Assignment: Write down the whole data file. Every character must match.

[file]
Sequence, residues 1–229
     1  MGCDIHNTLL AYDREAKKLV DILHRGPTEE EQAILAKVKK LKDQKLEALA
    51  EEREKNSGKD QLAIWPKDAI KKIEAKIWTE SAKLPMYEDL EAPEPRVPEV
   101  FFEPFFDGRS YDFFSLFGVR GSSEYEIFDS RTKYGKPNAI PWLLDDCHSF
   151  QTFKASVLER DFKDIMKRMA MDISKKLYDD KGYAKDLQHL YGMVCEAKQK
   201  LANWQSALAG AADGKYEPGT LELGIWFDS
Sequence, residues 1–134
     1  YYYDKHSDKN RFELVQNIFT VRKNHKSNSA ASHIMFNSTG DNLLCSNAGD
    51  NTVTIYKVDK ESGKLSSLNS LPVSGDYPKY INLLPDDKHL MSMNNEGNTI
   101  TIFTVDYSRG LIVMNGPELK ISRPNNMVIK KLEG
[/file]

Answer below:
Sequence, residues 1–229
     1  MGCDIHNTLL AYDREAKKLV DILHRGPTEE EQAILAKVKK LKDQKLEALA
    51  EEREKNSGKD QLAIWPKDAI KKIEAKIWTE SAKLPMYEDL EAPEPRVPEV
   101  FFEPFFDGRS YDFFSLFGVR GSSEYEIFDS RTKYGKPNAI PWLLDDCHSF
   151  QTFKASVLER DFKDIMKRMA MDISKKLYDD KGYAKDLQHL YGMVCEAKQK
   201  LANWQSALAG AADGKYEPGT LELGIWFDS
Sequence, residues 1–134
     1  YYYDKHSDKN RFELVQNIFT VRKNHKSNSA ASHIMFNSTG DNLLCSNAGD
    51  NTVTIYKVDK ESGKLSSLNS LPVSGDYPKY INLLPDDKHL MSMNNEGNTI
   101  TIFTVDYSRG LIVMNGPELK ISRPNNMVIK KLEG